I am sorry that I ever talked to Veronique Vienne. Immediately after Terry Dobson’s death, she asked me to help her present what she called the “female’s view” of her ex-lover. She felt that the women in his life were not sufficiently honored. So imagine how I felt when I read her article (“Iron John: A Lover’s Tale,” March/April) and heard her wail: “what was missing was me!”

Having missed out on Terry’s death, Veronique sets herself up as his killer, his “superior enemy.” She does it by creating a fairy tale, fabricating a myth of Terry as the model for Iron John so that she can become the raging mother to his Wild Man. She says that she doesn’t “believe men should be made into heroes,” but what she means is, not without her.

Robert Bly’s Iron John is the most fashionable fairy tale we have. Veronique looks at the man on its cover and quickly sees the potential: he looks like Terry, he has a beard, and there we have it! Terry Dobson is Iron John. Terry is “medieval,” “Gothic,” “gigantic,” a “barbarian king.”

We could just as easily say that Terry Dobson was an Episcopalian white boy who went to Deerfield. Just under six feet tall, he had the physique Americans get when raised on football and Twinkies. By her own admission, Veronique was unaware of Terry’s involvement in the “men’s movement” and, by extension, had no idea what his relationship to Robert Bly was like. It could have been mutual respect and liking, an ongoing conversation, poet-to-poet, which had little to do with their respective mythologies.

But then, how could Veronique fit in? Having kissed so many frogs, at least one of them ought to turn into a prince. If she can make Terry Dobson into Iron John, then she can be Mother Nature. Metaphor in hand, Veronique is on the rampage. She is out there, careening around the trees, reaching for her ex-lover on the very shores of his home by the lake, yelling for him to come home so that she can eat him up–how dare he die before she can get to him.

Dead men don’t talk, but I can. Terry had a house with sliding glass doors, wicker furniture, and a dog named Spot. I lived there with him for seven years on the shores of that lake and I must confess that I never heard even a whimper out there in the dark. While I don’t want to insert myself into this scenario, I do want to separate myself from Veronique’s assumptions about the women “Terry (the barbarian king) had tried to take with him into the grave.” Since she was long gone from Terry’s life the only females I know of were Terry’s daughter and myself. We were the ones with him, trying to catch him as he sickened and died, and we always felt honored and cherished by him. We were not secrets, as Veronique apparently felt herself to have been. I was known as his partner and Marion as his daughter.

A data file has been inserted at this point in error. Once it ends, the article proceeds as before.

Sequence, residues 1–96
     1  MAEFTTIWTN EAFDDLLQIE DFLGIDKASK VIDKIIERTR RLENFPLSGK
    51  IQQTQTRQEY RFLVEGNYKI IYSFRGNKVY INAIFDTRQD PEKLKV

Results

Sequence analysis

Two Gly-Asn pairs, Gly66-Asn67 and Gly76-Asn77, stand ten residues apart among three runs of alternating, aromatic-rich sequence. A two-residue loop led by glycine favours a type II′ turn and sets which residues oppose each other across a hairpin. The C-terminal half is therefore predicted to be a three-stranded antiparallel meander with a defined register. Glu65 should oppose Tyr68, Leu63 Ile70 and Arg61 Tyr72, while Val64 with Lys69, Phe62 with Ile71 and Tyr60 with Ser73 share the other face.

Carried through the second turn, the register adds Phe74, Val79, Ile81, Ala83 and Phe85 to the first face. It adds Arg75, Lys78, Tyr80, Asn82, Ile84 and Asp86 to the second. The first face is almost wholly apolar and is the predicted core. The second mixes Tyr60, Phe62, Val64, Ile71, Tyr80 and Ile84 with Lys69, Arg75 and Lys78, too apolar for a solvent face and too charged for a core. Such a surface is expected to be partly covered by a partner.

It hurts my heart to find this woman dragging me into her sour-tasting psycho-drama, seeing myself portrayed as someone trying to get him away from his groupies in order to give him a “peaceful death.” She wasn’t there when his friends offered their home as his death bed. I did complain to her about being stifled by the claims of strangers. Terry liked people and they liked him. Veronique wasn’t the only ex- girlfriend jockeying for position. She was just the only one desperate to get him into a national magazine so that she could become the lover of Iron John.

Mother Jones, why did you publish this? When Terry told Veronique to “kill her darlings,” he meant that she should get herself a good editor. We might have had a story here. Instead, we get a mixed garbage bag of retro-feminism, vengeful mothering, Robert Bly-bashing, and bad dental work. We hear from a woman who’s still complaining about being asked, “What’s for dinner?” when she might have answered, “Pick up a pizza,” and gotten on with her life.

But so what–dead men can’t talk.

Wrong. Here’s some vintage Terry Dobson: “You have a very valid reason for being angry with me. Ground it. Let it go. Let the anger, the abuse, and the hostility subside and we will be able to resolve it. From five hundred feet in the air, there is no difference between us. You are a bunch of exploding atoms and so am I. It is only our desire for separation which keeps us apart. Realize that behind this huge anger is an equally enormous draw between us. Allow yourself to be drawn in. The fact that we are standing here building up energy together will bring us closer together. Isn’t that wild physics?” (Grand Isle, Vermont, 1990).

Riki Moss, Grand Isle, Vermont

There are many tender passages in Veronique Vienne’s memoir of Terry Dobson, and I don’t wish to argue in any way with her view of him. We each see another person with our big knowledgeable eyes, and that’s as it is, right.